Swarm algorithms can improve production planning and scheduling
Industrial companies face an enormous challenge when it comes to the highly interconnected nature of their production facilities. These exhibit complex and dynamic behaviour, as can be observed in ants, bees, fish or birds. Inspired by models found in nature, the SWILT project models entire industrial plants as swarms. Three years on, we now have the results of the project: The simulations revealed that the overall performance of a large production planning system can be improved by a percentage in the single digits, which can represent significant financial gains for businesses.
At the University of Klagenfurt, October 2018 saw the launch of the research project SWILT (Swarm Intelligence Layer to Control Autonomous Agents). Four Carinthian partners (Lakeside Labs GmbH, the University of Klagenfurt, Infineon Technologies Austria AG and Novunex GmbH) conducted research on cyber-physical system swarms to connect the real world with the virtual world. Funded by the Austrian Research Promotion Agency (FFG), the project ran for three years and involved a project volume of just under 1 million euros.
“The goal was to improve production planning in an industrial use case by means of swarm algorithms”, Wilfried Elmenreich, the local project leader at the Department of Networked and Embedded Systems explains. He goes on: “In one case study, we modelled production planning in the semiconductor industry as a swarm problem. We applied several nature-inspired swarm algorithms to the problem, including an artificial hormone system, an artificial bee colony algorithm, an algorithm inspired by the foraging behaviour of ants, and an algorithm based on the mechanisms of the social amoebae known as slime moulds. The algorithms were evaluated through simulation in Netlogo, a programmable multi-agent modelling environment particularly suited to swarm experiments.”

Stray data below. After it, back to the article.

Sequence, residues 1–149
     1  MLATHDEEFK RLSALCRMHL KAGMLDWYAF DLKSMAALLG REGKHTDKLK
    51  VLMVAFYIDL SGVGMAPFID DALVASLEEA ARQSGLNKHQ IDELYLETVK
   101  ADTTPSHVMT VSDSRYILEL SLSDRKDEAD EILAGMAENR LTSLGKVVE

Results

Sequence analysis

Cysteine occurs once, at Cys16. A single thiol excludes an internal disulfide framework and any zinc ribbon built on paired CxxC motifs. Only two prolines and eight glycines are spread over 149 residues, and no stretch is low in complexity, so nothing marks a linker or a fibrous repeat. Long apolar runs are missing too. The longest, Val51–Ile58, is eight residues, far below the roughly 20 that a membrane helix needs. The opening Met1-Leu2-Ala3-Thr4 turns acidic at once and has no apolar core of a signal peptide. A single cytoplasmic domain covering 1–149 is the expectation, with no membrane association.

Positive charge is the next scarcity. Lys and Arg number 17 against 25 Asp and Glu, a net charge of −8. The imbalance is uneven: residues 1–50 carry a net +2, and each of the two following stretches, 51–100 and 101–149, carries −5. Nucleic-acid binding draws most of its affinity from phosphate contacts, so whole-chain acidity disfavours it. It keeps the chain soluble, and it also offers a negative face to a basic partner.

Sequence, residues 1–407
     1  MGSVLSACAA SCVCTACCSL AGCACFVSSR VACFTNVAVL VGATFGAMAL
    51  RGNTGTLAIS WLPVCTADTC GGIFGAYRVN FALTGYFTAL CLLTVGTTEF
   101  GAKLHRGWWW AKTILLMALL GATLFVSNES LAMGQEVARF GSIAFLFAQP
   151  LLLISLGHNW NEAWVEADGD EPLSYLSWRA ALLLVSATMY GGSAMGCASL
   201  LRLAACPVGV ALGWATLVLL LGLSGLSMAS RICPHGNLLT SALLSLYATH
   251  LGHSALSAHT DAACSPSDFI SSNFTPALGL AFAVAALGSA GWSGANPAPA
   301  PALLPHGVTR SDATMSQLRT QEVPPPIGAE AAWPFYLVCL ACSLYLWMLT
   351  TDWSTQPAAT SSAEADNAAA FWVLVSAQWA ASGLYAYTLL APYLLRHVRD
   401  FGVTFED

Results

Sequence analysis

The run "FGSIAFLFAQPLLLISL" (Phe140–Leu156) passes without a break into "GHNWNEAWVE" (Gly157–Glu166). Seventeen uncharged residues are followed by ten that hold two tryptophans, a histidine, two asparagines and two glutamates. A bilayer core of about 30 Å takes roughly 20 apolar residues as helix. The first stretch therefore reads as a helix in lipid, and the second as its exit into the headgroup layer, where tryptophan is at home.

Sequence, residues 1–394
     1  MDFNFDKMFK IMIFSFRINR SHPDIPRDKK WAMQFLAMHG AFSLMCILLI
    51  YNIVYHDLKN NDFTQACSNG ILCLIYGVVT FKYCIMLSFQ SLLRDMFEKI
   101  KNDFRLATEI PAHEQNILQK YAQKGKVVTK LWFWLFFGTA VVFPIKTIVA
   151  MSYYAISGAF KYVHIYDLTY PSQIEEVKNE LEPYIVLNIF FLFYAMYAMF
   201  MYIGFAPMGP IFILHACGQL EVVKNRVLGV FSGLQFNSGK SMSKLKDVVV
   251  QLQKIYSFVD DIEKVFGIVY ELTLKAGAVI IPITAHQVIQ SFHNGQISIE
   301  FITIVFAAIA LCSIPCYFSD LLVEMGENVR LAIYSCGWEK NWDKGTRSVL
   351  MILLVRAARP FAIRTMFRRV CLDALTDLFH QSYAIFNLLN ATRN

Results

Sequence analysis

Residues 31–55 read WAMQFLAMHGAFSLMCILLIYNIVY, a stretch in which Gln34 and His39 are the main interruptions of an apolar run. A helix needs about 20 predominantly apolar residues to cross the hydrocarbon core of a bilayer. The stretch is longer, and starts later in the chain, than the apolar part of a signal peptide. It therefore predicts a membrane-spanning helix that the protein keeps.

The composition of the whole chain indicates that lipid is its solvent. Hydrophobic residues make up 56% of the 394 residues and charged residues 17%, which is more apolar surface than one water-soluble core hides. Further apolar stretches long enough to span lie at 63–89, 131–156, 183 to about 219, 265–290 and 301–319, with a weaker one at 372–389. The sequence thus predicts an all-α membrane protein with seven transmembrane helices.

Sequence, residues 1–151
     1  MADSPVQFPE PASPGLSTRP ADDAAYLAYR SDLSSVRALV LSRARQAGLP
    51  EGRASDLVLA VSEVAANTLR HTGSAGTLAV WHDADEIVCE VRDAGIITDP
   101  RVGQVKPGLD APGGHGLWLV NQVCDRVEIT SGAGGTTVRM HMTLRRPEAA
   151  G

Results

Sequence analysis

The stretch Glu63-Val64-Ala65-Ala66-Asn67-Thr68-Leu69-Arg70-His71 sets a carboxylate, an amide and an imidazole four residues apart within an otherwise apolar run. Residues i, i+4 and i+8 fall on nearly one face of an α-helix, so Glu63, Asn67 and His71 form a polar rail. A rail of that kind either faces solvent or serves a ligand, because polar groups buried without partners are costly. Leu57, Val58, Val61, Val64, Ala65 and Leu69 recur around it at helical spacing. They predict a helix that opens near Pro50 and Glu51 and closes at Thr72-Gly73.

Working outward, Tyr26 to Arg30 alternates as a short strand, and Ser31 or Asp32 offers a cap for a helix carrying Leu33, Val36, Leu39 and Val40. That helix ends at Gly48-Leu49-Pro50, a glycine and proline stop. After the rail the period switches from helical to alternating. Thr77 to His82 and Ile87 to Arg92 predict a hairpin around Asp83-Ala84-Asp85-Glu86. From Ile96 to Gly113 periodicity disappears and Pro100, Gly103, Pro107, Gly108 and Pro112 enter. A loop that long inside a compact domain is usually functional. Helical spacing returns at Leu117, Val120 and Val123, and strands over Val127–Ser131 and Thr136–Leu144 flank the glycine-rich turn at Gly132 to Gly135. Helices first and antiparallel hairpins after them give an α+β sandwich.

The result speaks for itself: The simulations indicate that the overall performance of a large production planning and scheduling system can be improved by a percentage in the single digits, which translates into a significant financial gain for a large factory. Furthermore, the proposed algorithms have the advantage that they require fewer resources than other approaches and can therefore also be used in systems where many units need to be calculated during production.
Univ.-Prof. Dr. Wilfried Elmenreich
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